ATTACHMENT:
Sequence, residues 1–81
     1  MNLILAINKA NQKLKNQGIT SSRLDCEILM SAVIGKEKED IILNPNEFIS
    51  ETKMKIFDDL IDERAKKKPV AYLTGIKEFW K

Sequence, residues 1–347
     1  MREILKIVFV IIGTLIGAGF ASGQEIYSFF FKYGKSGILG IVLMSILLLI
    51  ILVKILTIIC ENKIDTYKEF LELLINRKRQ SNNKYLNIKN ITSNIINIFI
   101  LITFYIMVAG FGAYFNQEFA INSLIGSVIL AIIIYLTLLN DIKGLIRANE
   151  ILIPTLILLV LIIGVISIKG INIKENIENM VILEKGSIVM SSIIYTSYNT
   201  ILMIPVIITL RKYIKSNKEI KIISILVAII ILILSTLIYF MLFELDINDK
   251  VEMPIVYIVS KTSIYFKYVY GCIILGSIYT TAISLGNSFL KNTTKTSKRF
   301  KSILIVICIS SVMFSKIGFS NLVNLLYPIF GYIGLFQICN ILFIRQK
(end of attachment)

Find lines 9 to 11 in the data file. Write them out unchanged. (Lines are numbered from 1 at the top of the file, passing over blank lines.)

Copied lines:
   201  ILMIPVIITL RKYIKSNKEI KIISILVAII ILILSTLIYF MLFELDINDK
   251  VEMPIVYIVS KTSIYFKYVY GCIILGSIYT TAISLGNSFL KNTTKTSKRF
   301  KSILIVICIS SVMFSKIGFS NLVNLLYPIF GYIGLFQICN ILFIRQK